2018 Fall Arts Preview: Art Exhibits | Visual Art | Hudson Valley | Chronogram Magazine

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2018 Fall Arts Preview: Art Exhibits


William Bradford (American, 1823-1892),  Between the Iceberg and Field Ice, from , 1869. Albumen print, 19 7/16 x 24 7/16 in. Williams College Museum of Art, Williamstown, MA: Museum purchase, Joseph O. Eaton Fund (77.27) From "Extreme Nature!" at Clark Art Institute.
  • William Bradford (American, 1823-1892), Between the Iceberg and Field Ice, from , 1869. Albumen print, 19 7/16 x 24 7/16 in. Williams College Museum of Art, Williamstown, MA: Museum purchase, Joseph O. Eaton Fund (77.27) From "Extreme Nature!" at Clark Art Institute.

Cross Contemporary Art

Melinda Stickney-Gibson and Jen Dragon curate "Of This," an installation of sculptures from the past decade by Millicent Young. Using horsehair, lead, string, wood, wax, and paper, Young's work is an investigation of light and space at its most elemental, layering luminosity amid dreamlike shadows. Young's pieces hew to no discernable style—ranging from dangling hair assemblages to Rorschach-type blotches on paper—yet they are unmistakably hers. November 3-December 9.

Hudson Hall

Architect and photographer Scott Benedict spent eight years documenting the buildings of renowned architect Louis I. Kahn. "Kahnscious: Photographing Architecture" is the culmination of Benedict's odyssey through inspiration, delusion, exhaustion, and exhilaration at his attempt to express the immaterial aspects of Kahn's architecture through photography. On November 17, Benedict will lead a tour of the show at 2pm, followed by a screening of Nathanial Kahn's film My Architect: A Son's Journey at 3pm. Through January 20.

Wired Gallery

Surrealist painter Marc Chagall lived and worked in High Falls between 1946 and 1948 with his lover Virginia Haggard—an artist in her own right—and their daughter Jean. Tina Barry has written a series of prose-poems imagining the inner life of the mother and daughter. For "The Virginia Project," Barry collaborated with 14 female artists—including Amy Talutto and Giselle Potter among others—who pair her poems with visual work. Through November 27.

Frances Lehman-Loeb Art Center

Patricia Phagan has curated "Past Time: Geology in European and American Art," an interdisciplinary exhibition that weaves art and science in a broad display of artwork by European and American artists from the 1770s to the 1890s who were engaged with a new scientific investigation of the earth's crust. The exhibition features 49 works of art by leading artists of the period—Asher B. Durand, Frederic Church, J. M. W. Turner—and numerous samples of natural specimens, including red sandstone from Petra, Jordan, and basalt from the Palisades of New Jersey. Through December 9.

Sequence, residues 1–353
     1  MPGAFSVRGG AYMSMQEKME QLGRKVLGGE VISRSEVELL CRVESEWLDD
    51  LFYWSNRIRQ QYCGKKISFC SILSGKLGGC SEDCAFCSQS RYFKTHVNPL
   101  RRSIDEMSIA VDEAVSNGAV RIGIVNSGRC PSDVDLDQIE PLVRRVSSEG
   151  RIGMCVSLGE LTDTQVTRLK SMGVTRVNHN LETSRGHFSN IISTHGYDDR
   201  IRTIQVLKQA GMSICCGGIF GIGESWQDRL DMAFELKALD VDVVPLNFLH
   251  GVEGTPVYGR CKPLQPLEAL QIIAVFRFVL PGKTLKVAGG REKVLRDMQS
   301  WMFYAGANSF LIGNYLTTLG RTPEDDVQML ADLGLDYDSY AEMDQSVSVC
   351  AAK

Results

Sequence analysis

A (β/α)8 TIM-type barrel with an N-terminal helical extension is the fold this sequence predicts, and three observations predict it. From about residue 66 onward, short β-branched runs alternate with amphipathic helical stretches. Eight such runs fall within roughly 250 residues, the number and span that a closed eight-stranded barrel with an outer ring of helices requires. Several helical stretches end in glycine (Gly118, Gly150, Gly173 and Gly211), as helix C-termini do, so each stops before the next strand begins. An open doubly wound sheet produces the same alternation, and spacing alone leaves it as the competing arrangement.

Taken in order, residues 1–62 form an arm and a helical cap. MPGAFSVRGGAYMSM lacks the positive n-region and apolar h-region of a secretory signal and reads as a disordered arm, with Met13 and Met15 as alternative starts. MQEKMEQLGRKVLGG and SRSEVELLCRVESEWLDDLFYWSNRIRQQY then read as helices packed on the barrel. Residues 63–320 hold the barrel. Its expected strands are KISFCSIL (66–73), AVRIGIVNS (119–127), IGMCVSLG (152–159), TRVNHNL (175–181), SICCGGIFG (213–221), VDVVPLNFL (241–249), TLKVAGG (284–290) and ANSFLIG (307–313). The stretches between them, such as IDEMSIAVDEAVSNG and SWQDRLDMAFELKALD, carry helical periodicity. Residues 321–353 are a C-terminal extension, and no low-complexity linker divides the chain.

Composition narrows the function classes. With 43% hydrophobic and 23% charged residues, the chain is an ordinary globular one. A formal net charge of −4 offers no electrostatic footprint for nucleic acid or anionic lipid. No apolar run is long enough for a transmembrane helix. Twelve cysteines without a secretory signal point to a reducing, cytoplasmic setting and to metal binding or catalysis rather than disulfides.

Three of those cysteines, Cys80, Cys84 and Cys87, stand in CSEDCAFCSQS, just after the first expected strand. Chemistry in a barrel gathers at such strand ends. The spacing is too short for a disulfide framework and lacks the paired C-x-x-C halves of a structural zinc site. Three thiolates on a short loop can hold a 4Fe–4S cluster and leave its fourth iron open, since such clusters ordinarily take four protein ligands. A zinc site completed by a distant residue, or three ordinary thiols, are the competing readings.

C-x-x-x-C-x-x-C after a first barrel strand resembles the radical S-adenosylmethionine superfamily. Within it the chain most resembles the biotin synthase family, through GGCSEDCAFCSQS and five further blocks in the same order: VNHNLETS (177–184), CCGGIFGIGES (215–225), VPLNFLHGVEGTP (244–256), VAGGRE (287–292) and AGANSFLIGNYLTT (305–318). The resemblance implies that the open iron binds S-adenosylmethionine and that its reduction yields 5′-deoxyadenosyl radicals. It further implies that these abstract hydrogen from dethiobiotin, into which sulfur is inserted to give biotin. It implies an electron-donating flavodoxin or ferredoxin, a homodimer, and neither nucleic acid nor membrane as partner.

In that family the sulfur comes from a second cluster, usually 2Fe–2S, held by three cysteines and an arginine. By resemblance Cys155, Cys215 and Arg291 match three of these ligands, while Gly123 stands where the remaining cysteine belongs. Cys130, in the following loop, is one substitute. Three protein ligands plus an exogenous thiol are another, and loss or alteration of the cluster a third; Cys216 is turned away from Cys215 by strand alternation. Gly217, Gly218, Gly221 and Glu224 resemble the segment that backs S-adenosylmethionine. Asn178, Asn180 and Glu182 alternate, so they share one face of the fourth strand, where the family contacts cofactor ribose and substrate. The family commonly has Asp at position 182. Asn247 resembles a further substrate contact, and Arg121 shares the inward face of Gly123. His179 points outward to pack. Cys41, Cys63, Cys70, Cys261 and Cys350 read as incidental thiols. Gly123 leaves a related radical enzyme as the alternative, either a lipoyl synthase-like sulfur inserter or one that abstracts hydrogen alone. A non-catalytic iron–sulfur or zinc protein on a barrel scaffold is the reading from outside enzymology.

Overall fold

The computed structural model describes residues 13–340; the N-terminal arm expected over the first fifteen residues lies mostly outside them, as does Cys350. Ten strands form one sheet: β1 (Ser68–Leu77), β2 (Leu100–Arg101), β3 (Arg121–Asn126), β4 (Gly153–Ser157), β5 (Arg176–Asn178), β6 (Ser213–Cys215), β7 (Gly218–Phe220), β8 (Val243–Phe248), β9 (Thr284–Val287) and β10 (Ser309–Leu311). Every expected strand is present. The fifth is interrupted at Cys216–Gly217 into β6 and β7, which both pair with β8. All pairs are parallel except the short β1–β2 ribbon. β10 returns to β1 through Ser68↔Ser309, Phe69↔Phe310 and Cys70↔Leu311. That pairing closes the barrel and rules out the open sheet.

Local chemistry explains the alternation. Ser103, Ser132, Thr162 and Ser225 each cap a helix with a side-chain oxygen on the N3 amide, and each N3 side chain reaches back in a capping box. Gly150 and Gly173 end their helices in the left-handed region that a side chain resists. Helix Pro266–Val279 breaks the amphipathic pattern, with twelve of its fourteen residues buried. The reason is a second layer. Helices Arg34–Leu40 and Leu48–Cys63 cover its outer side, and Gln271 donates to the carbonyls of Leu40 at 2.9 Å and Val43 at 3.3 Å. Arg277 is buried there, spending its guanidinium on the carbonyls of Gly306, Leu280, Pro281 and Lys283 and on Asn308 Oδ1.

Thomas Cole Historic Site

"Spectrum." The exhibition is part of the ongoing series "Open House: Contemporary Art in Conversation with Cole" and is made up of 30 installations by 11 contemporary artists who examine color in relation to smell, sight, and taste, as well as music, emotion, science, abstraction, and the natural world. Through November 18.

Olana State Historic Site

Frederic Church was a great collector and a lover of all things Middle Eastern, as the architecture of his grand estate Olana reflects. The exhibition "Costume & Custom: Middle Eastern Threads at Olana" is the first time that the costumes Church collected on his 1867-68 Middle Eastern journey have been thoroughly identified and exhibited in his Persian-inspired home, alongside drawings, sketches and paintings inspired by his travels. Through November 25.

Berkshire Museum

The centerpiece of glass master Josh Simpson's "Galactic Landscapes" show is an original orrery—a moving, mechanical model of the solar system—that incorporates Simpson's glass spheres as the sun, the planets, and their moons. The show also features 30 of Simpson's imaginative Planets—solid glass spheres that suggest distant worlds, ranging in size from that of a golf ball to a basketball. Through January 6.

bluecashew Kitchen Homestead

Despite the fact that he is not giving any interviews until the feature film about his life, Welcome to Marwen, starring Steve Carell, is released on December 21, Mark Hogancamp is exhibiting his Marwencol photographs in Kingston this month. "Hogancamp's World" is a survey of the World War II-era doll narrative that the artist has created following a traumatic brain injury. Part historical tableaux, part personal fantasy, Hogancamp's photographs are compelling documents of a fully realized alternate universe. Through November 17.

Clark Art Institute

From an early photograph of Yosemite by Edward Muybridge to a typically volatile work by J. M. W. Turner of the Scottish peak of Ben Arthur, "Extreme Nature!" explores how nature's edges—remote, fantastical, and unpredictable—permeated artistic imagery throughout the nineteenth century in prints, drawings, and photographs. Through February 3.

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